The decline of the water frontage of Lake Hume, due to sporadic drought conditions and the privatisation of Australia waterways, has had an impact on the town. Although through initiatives, such as the Tallangatta Tomorrow project funded by state government, the township is experiencing a new lease on life.[10]

There are several successful community focused initiatives operating within the township including The Hub, the Uniting Church Op Shop, Tallangatta Food Swap, Plasticwise Tallangatta, Boomerang Bags Tallangatta, and the Tallangatta Community Theatre Group.[citation needed]

The town has a high proportion of retirees, with some elderly people cared for at Bolga Court Hostel.[11] This heritage is celebrated in the popular annual Tallangatta Fifties Festival;[12] however, as of June 2018, has ended due to financial concerns and feedback.[13]


There is no scheduled public transport in Tallangatta, other than school buses which are not available to the general public. The town is mainly accessed via the Murray Valley Highway; the northern terminus of the Omeo Highway to Omeo is approximately 5 km (3.1 mi) east of the town.

The High Country Rail Trail passes through the town; it follows the route of the Cudgewa railway line, which closed in 1981.


Tallangatta has an Australian rules football team, the Tallangatta Football Club competing in the Tallangatta & District Football League.

Golfers play at the Tallangatta Golf Club on Coorilla Street.[14]

Notable residentsEdit

  • Phillip Law, scientist and Antarctic explorer was born in Tallangatta in 1912
  • Doug Smith, North Melbourne footballer grew up in Tallangatta
  • William Yates, a politician who served in both the British and Australian parliaments, spent his last years in Tallangatta
  • Ian Trevaskis, writer and author; Children's Book Council of Australia award-winning author


  1. ^ a b Australian Bureau of Statistics (28 June 2022). "Tallangatta (Vic.) (State Suburb)". 2021 Census QuickStats. Retrieved 8 July 2022.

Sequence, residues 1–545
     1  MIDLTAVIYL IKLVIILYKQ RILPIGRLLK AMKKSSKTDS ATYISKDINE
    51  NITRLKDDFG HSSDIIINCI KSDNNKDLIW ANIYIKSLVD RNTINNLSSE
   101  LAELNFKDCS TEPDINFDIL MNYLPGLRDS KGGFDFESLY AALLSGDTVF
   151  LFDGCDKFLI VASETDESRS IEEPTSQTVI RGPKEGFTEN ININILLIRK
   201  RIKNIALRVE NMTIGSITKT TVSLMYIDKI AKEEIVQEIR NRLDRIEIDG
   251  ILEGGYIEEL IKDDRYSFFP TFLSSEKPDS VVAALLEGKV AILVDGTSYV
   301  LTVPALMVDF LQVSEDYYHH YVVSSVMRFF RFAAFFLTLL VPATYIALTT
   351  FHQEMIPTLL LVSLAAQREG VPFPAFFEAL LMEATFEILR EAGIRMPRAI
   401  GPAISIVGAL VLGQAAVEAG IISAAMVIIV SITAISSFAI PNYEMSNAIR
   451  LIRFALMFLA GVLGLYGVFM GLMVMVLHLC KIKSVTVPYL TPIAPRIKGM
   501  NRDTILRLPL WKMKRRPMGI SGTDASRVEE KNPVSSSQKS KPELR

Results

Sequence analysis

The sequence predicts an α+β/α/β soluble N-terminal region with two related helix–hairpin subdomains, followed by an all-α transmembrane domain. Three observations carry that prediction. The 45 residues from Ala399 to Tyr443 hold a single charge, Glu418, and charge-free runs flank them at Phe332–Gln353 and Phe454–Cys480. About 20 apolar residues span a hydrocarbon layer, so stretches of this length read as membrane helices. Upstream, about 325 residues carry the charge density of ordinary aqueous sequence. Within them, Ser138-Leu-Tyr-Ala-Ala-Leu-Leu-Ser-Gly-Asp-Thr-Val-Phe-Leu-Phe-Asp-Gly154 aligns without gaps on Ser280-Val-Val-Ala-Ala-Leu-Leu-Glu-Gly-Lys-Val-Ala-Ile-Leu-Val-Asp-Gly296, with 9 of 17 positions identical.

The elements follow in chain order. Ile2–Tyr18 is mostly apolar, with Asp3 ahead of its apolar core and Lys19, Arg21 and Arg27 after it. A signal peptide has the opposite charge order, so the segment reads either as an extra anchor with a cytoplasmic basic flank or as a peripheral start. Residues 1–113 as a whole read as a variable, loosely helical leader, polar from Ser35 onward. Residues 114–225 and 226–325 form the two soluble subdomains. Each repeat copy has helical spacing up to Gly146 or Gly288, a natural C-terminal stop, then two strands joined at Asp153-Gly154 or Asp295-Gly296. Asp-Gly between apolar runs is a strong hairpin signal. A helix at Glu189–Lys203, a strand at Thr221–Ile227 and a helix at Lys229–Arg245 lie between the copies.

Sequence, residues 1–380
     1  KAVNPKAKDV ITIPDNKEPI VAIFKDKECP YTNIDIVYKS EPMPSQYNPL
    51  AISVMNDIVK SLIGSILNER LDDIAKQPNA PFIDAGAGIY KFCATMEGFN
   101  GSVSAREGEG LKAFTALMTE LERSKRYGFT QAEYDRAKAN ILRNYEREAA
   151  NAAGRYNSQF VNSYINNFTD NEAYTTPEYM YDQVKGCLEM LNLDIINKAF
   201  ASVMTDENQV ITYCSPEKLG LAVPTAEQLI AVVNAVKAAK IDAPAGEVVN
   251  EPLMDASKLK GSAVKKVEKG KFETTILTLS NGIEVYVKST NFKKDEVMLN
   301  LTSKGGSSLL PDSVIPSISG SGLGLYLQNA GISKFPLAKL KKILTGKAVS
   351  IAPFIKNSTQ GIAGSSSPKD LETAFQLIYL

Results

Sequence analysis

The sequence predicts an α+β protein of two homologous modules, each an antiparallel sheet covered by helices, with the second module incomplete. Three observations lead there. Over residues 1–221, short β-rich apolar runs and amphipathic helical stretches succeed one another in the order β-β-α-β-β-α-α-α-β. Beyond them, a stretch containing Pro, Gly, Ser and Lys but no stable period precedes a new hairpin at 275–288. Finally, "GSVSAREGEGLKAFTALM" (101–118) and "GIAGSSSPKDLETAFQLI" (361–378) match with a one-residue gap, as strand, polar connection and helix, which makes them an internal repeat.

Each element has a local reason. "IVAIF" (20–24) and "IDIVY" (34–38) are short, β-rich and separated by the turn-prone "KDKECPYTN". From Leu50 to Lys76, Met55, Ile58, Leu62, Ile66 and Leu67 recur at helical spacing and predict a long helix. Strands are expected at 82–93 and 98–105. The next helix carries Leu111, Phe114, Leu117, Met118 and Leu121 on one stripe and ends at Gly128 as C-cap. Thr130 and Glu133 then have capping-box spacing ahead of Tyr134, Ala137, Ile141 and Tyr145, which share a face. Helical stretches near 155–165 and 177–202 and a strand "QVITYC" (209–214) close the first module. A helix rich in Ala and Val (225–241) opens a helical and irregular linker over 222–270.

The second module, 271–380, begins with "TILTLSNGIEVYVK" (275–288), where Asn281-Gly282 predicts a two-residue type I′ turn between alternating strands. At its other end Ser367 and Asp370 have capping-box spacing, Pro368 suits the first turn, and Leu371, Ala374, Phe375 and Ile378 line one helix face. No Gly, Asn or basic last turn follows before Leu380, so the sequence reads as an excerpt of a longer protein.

2. ^ Premier Postal History, Post Office List, retrieved 11 April 2008
  3. ^ Oppy, I.D.; Cayley, I.D.; Caluzzi, J. (1995). "The Geology and prospectivity of the Tallangatta 1:250 000 sheet" (PDF). Geological Survey of Victoria, Department of Agriculture, Energy & Minerals. Government of Victoria. ISBN 0 7306 7980 2. ISSN 1323-4536. Retrieved 18 April 2022.
  4. ^ Winkler, Carmyl; Callander, Dulcie (1988). Slates and suet puddings. C. Winkler. ISBN 9780731646500 – via National Library of Australia.
  5. ^ Premier Postal History, Post Office List, retrieved 11 April 2008
  6. ^ "Review of Legal Services in Rural and Regional Victoria" (PDF). Parliament of Victoria Law Reform Committee. May 2001. pp. 291–292. Archived (PDF) from the original on 4 April 2012. Retrieved 12 April 2020.
  7. ^ "2021 Census QuickStats: Tallangatta".
  8. ^ slaughterhouses listing, australiabigbook.com
  9. ^ Hospitals in the Albury-Wodonga region, albury-wodonga.com
  10. ^ towong.vic.gov.au
  11. ^ [1], Shire of Towong
  12. ^ "Tallangatta Fifties Festival".
  13. ^ Bunn, Anthony (19 June 2018). "Not so nifty, Tallangatta no longer home to Fifties Festival". The Border Mail. Retrieved 25 August 2020.
  14. ^ Golf Select, Tallangatta, retrieved 11 May 2009

External linksEdit

  Media related to Tallangatta, Victoria at Wikimedia Commons